Mobile Health Technology for Pediatric Symptom Monitoring: A Feasibility Study.

Journal Article (Journal Article)

BACKGROUND: Pediatric blood and marrow transplant (PBMT) patients experience significant symptom distress. Mobile health (mHealth) technologies can be leveraged to improve understanding of the patient's symptom experience by providing continuous, real-time, in situ, patient-generated symptom data. This rich data stream can subsequently enhance symptom management strategies. However, limited research has been conducted in this area. OBJECTIVES: This pilot study seeks to (a) explore the feasibility of integrating mHealth technologies to monitor symptom data for PBMT patients and (b) evaluate the study design, measures, and procedures. METHODS: An exploratory longitudinal design was employed to assess the feasibility of monitoring 10 PBMT patients' symptoms using data from two mHealth technologies: (a) a smartphone mHealth application (app) to collect symptom data and (b) a wearable tracking device (Apple watch) to collect physiological data. Feasibility was measured as usability and acceptability. Monthly patient interviews and an end-of-study feasibility survey were employed and analyzed to further understand reasons for sustained interest in and attrition from the study. RESULTS: Overall usability of the wearable was 51%, and app was 56%. Children reported devices were easy to use and acceptable. The study demonstrated acceptability with an enrollment rate of 83% and an attrition rate of 30%, with 70% of the children remaining in the study for at least 40 days. DISCUSSION: This pilot study is among the first to explore the feasibility of using mobile technologies to longitudinally obtain patient-generated symptom data to enhance understanding of the PBMT symptom experience. In addition, it will improve our understanding of how these data present, interact, and cluster together throughout the posttransplant period.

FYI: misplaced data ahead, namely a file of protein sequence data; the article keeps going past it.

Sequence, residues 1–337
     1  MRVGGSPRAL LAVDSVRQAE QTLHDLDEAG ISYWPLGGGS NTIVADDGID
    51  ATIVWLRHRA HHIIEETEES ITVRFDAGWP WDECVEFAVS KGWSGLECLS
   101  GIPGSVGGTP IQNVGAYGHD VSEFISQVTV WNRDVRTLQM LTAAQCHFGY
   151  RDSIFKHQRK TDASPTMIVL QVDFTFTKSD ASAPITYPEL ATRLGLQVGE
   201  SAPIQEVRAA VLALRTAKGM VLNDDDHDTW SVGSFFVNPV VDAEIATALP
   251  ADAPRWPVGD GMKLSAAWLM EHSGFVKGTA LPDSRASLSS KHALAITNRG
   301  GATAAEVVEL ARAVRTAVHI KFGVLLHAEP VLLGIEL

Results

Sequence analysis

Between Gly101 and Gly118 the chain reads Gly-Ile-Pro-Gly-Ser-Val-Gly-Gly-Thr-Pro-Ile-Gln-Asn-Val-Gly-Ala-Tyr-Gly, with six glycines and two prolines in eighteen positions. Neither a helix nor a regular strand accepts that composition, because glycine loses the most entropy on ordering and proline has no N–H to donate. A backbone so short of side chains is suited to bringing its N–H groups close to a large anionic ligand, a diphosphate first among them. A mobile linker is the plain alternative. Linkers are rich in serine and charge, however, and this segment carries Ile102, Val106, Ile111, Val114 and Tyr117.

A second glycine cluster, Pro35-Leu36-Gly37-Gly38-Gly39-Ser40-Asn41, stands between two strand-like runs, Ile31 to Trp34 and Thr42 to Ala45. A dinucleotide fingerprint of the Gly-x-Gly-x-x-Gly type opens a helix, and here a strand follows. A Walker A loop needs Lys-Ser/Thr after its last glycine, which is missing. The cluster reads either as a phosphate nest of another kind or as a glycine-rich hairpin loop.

Full Text

Duke Authors

Cited Authors

  • Vaughn, J; Gollarahalli, S; Shaw, RJ; Docherty, S; Yang, Q; Malhotra, C; Summers-Goeckerman, E; Shah, N

Published In

Volume / Issue

  • 69 / 2

Start / End Page

  • 142 - 148

PubMed ID

  • 31972852

Pubmed Central ID

  • 31972852

Electronic International Standard Serial Number (EISSN)

  • 1538-9847

Digital Object Identifier (DOI)

  • 10.1097/NNR.0000000000000403

Language

  • eng

Conference Location

  • United States